So I was part of the history of that time and was deeply involved in the events leading up to the elections, the annulment and its aftermath.

I can say June 12, 1993 precipitated my return to Ghana since there was chaos after the elections. With Gen. Sani Abacha seizing power following the confusion, when Babangida stepped down for Ernest Shonekan, the centre certainly could no longer hold.

The Kwara State was one of the states that supported Abiola and the state voted massively for him. Abacha deployed military administrators to all the states when he seized power. It appeared, for no apparent reason, Kwara State was made to suffer for supporting MKO. The Herald was starved of funds and we could not come out.

It was a terrible moment for me and I had to return to the Daily Times in Lagos since I was only on leave of absence. A lot happened and I had to take a drastic decision to return to Ghana in 1996.

Abiola’s achievements

On the election itself, one can say Abiola took the whole country by storm. He had built a reputation for himself as an astute businessman whose tentacles stretched from communications to newspaper publishing.

He set up Abiola Farms, Abiola Bookshop, Bakeries, Concord Press, Concord Airlines, Summit Oil International Ltd, Africa Ocean Lines, Habib Bank, Decca W.A. Ltd and Abiola Football Club.

He was also the chairman of the G-15 business council, president of the Nigerian Stock Exchange, patron of the Kwame Nkrumah Foundation, patron of the W.E.B. Du Bois Foundation, trustee of the Martin Luther King Foundation and director of the International Press Institute.

In addition to his work in Nigeria, Abiola supported the Southern African Liberation Movements from the 1970s and he sponsored the campaign to win reparations for slavery and colonialism in Africa and the diaspora.

Abiola was indeed all over the place. He was seen as somebody who was born into poverty and through hard work became one of the wealthiest men in Africa. He was also seen as a philanthropist who was ready to help the under trodden.

So when he won the nomination of the Social Democratic Party (SDP) with Ambassador Kingibe as his running mate, the whole nation rooted for him. Nigerians were really expectant, believing that the best man was about to ascend the Presidency.

In what was believed to be the greatest and fairest presidential election ever, by national and international observers, Abiola overwhelmingly defeated his rival, Bashir Tofa of the National Republican Convention, even winning in his northern opponent’s home state of Kano.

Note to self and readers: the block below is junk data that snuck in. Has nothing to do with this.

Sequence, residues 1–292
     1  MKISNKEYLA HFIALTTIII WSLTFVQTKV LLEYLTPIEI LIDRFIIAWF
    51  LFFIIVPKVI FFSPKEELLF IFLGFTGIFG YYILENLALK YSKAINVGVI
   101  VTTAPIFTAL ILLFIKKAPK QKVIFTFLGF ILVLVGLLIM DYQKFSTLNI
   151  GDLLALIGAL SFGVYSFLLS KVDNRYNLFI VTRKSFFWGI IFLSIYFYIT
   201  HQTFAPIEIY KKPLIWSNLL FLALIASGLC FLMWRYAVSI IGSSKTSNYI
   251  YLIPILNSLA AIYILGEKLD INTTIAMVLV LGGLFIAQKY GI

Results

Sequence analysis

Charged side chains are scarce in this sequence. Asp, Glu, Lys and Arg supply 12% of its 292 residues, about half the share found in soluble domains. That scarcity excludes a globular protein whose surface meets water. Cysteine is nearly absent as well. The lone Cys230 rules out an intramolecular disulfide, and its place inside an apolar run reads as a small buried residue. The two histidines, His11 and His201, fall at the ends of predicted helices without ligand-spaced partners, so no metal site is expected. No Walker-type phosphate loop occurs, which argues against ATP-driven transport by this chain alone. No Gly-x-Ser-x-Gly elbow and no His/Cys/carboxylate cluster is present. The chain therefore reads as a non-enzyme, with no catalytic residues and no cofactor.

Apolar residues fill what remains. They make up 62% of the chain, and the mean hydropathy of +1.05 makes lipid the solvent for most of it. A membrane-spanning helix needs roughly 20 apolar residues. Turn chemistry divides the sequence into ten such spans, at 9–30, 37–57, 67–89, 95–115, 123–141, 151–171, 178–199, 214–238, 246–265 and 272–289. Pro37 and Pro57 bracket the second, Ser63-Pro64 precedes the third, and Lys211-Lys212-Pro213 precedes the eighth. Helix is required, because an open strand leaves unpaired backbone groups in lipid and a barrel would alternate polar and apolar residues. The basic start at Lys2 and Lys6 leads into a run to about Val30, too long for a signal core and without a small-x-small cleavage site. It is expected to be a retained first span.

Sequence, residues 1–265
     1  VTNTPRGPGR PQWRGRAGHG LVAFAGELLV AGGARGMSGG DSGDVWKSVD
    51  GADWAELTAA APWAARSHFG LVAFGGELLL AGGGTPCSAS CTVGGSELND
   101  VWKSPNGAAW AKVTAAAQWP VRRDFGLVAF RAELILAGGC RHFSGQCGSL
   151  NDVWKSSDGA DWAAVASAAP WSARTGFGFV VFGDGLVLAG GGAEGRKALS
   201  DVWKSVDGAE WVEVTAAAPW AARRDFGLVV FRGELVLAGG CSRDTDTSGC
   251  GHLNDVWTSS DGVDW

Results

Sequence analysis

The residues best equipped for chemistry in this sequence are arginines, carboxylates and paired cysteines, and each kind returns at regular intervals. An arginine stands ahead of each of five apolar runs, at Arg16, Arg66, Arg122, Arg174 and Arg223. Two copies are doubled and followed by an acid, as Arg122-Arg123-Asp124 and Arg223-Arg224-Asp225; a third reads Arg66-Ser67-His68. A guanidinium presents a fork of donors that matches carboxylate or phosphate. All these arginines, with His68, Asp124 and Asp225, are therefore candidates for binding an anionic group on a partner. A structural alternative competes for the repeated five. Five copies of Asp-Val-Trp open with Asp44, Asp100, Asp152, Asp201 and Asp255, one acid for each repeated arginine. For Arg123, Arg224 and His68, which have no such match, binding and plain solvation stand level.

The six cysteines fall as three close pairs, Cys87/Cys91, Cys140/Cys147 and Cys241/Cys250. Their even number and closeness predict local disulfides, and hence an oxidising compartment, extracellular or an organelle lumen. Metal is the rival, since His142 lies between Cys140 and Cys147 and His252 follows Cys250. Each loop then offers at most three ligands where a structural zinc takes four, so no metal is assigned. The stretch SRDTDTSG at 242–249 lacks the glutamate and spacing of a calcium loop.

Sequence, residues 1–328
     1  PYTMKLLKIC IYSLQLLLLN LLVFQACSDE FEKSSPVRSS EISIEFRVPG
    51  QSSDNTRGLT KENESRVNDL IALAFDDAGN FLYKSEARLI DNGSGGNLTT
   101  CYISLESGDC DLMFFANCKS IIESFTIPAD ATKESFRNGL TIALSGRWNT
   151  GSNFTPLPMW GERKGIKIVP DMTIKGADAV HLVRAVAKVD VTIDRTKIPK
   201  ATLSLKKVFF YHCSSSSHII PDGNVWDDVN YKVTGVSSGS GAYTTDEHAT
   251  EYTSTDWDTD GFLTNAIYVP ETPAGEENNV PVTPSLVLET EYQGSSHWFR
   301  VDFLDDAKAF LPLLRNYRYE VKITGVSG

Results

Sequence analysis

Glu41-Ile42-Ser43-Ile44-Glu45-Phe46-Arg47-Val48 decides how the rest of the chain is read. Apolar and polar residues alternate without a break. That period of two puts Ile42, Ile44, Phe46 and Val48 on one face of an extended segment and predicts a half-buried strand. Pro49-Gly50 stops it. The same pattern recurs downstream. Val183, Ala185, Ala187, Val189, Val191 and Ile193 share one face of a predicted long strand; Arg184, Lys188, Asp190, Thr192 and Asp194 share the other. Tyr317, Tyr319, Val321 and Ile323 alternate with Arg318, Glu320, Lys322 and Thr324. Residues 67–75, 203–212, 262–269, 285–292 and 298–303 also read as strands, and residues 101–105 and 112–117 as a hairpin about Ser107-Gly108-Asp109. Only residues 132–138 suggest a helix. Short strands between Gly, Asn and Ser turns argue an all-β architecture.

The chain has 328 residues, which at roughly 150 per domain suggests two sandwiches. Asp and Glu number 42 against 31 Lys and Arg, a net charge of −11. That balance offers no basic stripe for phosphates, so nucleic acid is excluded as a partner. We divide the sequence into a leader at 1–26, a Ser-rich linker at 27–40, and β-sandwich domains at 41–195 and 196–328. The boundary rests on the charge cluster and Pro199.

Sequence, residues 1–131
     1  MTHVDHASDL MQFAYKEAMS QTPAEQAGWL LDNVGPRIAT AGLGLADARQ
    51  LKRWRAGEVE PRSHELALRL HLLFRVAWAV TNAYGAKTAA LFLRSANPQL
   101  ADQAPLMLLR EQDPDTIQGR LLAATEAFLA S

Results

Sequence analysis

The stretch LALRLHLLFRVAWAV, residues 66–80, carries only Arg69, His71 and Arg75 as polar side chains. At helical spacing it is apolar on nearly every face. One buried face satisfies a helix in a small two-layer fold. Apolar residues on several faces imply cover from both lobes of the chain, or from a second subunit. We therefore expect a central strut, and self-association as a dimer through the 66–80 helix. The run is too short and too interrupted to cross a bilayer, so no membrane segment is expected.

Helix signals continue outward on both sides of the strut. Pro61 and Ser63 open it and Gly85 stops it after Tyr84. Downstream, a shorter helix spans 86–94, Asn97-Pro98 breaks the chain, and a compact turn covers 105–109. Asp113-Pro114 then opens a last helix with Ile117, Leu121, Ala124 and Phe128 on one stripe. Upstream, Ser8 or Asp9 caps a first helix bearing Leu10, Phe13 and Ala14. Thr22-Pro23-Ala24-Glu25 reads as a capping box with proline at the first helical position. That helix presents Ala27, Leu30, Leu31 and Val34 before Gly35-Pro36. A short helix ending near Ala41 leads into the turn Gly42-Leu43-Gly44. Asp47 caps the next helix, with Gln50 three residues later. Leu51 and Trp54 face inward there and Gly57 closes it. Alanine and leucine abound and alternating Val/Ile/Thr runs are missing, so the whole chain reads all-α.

Abiola was believed to have won at the national capital, Abuja, the military polling stations, and over two-thirds of Nigerian states. Men of northern descent had largely dominated Nigeria’s political landscape since independence. MKO, a Southern Muslim, was able to secure a national mandate freely and fairly, unprecedented in Nigeria’s history.

His death

However, results were never officially announced since Babangida annulled the elections, claiming irregularities in the conduct of the elections. This led to political crisis leading to the emergence of Sani Abacha.

In 1994, Abiola declared himself the lawful President of Nigeria in Lagos after his return from a trip to win the support of the international community for his mandate.

Following this declaration, he was accused of treason and arrested on the orders of Abacha who sent 200 police vehicles to bring him into custody. Many world leaders, including Kofi Annan, then Secretary General of the UN, pleaded for his release but Abacha insisted that Abiola should renounce his declaration before any pardon could be granted.

Abiola died in mysterious circumstances shortly after the death of Abacha, on the day he was due to be released on July 7, 1998. His second wife, Kudirat Abiola, was assassinated in Lagos in 1996 for supporting his declaration.

With the present turn of events, one would be wondering what would be going on in the mind of Babangida, who in a TV interview in 2009 described the annulment as “unfortunate” and that he did what he did because of security threats to the enthronement of a democratic government at that time.